The Water Flosser has been evaluated more than 50 times since its introduction in 1962. Clinical findings for reducing bleeding and gingivitis are supported by positive outcomes from more than 20 clinical trials, many of six months duration.4,5 An independent, systematic review had a similar finding.5 The use of the Water Flosser as an effective alternative to string floss is a new concept that has been consistently demonstrated in three separate studies.10,15 The American Academy of Periodontology notes in its review that the greatest benefit from water flossing “is seen in patients who perform inadequate interproximal cleansing.”4 RDH
Carol Jahn, RDH, MS, has been a dental hygienist for 30 years and is the Senior Professional Relations Manager for Water Pik, Inc.
1. Bhaskar S et al. Water jet devices in dental practice. J Periodontol 1971; 42:658-664.
2. Cobb CM et al. Ultrastructural examination of human periodontal pockets following the use of an oral irrigation device in vivo. J Periodontol 1988; 59:155-163.
3. Chaves ES et al. Mechanism of irrigation effects on gingivitis. J Periodontol 1994; 65:1016-1021.
4. Greenstein G. Research, Science, and Therapy Committee of the American Academy of Periodontology. Position paper: the role of supra- and subgingival irrigation in the treatment of periodontal diseases. J Periodontol 2005; 76:2015-2027.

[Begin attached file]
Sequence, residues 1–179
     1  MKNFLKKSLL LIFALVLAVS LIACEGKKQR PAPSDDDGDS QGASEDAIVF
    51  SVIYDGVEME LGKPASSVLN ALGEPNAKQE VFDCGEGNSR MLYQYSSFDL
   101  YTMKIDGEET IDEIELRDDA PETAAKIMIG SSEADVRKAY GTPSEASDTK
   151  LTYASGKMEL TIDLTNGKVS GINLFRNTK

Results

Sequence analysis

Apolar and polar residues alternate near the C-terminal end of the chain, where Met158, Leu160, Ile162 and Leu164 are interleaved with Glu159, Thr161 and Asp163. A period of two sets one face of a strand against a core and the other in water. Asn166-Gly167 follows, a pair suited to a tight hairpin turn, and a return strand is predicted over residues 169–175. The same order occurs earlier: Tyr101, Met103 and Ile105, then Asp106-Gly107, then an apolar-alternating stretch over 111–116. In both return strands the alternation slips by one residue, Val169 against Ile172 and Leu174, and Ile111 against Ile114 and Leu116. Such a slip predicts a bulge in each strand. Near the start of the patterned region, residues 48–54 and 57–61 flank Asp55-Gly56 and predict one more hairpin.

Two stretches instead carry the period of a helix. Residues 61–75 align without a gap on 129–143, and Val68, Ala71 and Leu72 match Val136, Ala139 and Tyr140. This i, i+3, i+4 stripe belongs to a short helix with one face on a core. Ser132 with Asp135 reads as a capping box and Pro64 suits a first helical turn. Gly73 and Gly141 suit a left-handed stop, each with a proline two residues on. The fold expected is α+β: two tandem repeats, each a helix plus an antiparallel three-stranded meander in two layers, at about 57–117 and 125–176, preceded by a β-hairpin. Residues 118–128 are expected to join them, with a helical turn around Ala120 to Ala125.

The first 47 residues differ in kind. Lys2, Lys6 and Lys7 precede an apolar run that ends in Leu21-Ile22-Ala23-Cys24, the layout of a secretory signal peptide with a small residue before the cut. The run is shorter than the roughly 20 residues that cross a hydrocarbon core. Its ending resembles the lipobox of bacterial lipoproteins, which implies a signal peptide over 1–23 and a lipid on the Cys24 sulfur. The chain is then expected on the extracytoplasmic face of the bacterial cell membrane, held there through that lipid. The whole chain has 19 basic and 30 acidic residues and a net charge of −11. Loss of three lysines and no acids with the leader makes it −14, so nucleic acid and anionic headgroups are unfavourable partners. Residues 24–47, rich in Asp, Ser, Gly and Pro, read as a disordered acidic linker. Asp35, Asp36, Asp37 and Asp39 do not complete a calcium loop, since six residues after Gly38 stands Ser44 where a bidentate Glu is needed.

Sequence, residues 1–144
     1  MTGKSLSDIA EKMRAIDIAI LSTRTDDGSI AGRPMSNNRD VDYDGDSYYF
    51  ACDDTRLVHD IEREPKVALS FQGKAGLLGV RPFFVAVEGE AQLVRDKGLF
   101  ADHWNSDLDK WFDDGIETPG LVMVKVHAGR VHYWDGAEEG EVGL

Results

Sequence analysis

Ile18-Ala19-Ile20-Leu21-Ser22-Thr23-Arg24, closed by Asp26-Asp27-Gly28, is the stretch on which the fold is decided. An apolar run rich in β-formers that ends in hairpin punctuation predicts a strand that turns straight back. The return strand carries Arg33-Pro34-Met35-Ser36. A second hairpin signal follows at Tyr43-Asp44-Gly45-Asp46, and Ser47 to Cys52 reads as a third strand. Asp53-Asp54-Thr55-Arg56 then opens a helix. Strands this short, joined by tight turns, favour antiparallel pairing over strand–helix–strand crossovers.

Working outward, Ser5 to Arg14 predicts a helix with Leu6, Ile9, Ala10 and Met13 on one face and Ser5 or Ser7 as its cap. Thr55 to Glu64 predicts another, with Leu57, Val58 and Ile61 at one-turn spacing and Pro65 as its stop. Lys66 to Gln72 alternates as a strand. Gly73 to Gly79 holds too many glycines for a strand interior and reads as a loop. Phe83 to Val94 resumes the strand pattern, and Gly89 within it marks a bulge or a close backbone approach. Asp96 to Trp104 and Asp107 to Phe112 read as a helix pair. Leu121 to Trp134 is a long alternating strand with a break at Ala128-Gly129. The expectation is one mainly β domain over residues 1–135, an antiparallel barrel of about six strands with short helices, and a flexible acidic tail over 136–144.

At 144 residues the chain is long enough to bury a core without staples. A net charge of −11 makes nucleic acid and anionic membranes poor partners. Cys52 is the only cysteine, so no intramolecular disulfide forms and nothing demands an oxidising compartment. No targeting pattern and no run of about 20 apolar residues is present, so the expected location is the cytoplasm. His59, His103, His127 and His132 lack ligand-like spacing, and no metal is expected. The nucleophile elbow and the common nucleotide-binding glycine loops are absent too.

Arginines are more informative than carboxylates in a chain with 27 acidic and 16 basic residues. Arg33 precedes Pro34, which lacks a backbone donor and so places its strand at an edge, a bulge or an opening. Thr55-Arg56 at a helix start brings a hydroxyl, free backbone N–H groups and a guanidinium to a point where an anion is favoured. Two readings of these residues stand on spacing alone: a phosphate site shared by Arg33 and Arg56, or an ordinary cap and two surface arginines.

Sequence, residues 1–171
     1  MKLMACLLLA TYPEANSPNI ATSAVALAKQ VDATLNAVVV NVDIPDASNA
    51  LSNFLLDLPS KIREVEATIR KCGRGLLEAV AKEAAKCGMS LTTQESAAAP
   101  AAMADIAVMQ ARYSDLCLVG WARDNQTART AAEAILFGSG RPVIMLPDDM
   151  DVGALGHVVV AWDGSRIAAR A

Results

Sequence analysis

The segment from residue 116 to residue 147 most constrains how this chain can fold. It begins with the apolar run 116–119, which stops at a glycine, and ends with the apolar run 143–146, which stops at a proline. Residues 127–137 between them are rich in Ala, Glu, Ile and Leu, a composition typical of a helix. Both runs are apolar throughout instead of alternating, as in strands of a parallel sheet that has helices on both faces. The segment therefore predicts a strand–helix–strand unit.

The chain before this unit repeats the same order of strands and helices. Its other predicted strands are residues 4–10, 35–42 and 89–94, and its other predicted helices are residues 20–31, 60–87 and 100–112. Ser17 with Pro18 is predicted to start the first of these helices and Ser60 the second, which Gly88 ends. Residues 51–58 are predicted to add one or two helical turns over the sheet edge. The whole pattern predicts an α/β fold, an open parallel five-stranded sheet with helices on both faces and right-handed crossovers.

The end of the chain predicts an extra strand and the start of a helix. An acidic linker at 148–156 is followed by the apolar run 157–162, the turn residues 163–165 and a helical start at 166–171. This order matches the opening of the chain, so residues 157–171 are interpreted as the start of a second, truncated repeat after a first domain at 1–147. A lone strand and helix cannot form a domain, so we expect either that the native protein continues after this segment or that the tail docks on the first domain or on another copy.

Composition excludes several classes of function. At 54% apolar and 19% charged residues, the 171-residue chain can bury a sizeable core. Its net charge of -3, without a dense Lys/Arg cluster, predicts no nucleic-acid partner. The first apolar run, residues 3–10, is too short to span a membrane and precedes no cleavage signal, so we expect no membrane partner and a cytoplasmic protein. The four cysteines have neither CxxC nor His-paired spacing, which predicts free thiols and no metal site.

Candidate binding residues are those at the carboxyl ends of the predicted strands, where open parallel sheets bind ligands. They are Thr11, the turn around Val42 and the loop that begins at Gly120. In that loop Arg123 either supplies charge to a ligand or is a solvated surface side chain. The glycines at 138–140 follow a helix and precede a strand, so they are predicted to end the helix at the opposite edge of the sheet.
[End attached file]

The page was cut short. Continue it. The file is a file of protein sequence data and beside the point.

5. Jahn CA. The dental water jet: A historical review of literature. J Dent Hyg 2010; 84:122-128.
6. Husseini A et al. The efficacy of oral irrigation in addition to a toothbrush on plaque and the clinical parameters of periodontal inflammation: A systematic review. Int J Dent Hygiene 2008; 6:304-314.
7. Cutler CW et al. Clinical benefits of oral irrigation for periodontitis are related to reduction of pro-inflammatory cytokine levels and plaque. J Clin Periodontol 2000; 27:134-143.
8. Al-Mubarak S et al. Comparative evaluation of adjunctive oral irrigation in diabetes. J Clin Periodontol 2002; 29:295-300.
9. Felo A et al. Effects of subgingival chlorhexidine irrigation on peri-implant maintenance. Am J Dent 1997; 10:107-110.
10 Sharma NC et al. Effect of a dental water jet with orthodontic tip on plaque and bleeding in adolescent patients with fixed orthodontic appliances. Am J Orthod Dentofacial Orthop 2008; 133:565-571.
11. Eakle S et al. Depth of penetration into periodontal pockets with oral irrigation. J Clin Periodontol 1986; 13:39-44.
12. Braun RE, Ciancio SG. Subgingival delivery by an oral irrigation device. J Periodontol 1992; 63:469-472.
13. Gorur A et al. Biofilm removal with a dental water jet. Compend Contin Educ Dent 2009; 30 (Suppl 1):1-6.
14. Barnes CM et al. Comparison of irrigation to floss as an adjunct to toothbrushing: Effect on bleeding, gingivitis, and supragingival plaque. J Clin Dent 2005; 16:71-77.
15. Rosema NAM et al. The effect of different interdental cleaning devices on gingival bleeding. J Int Acad Periodontol 2011; 13:2-10.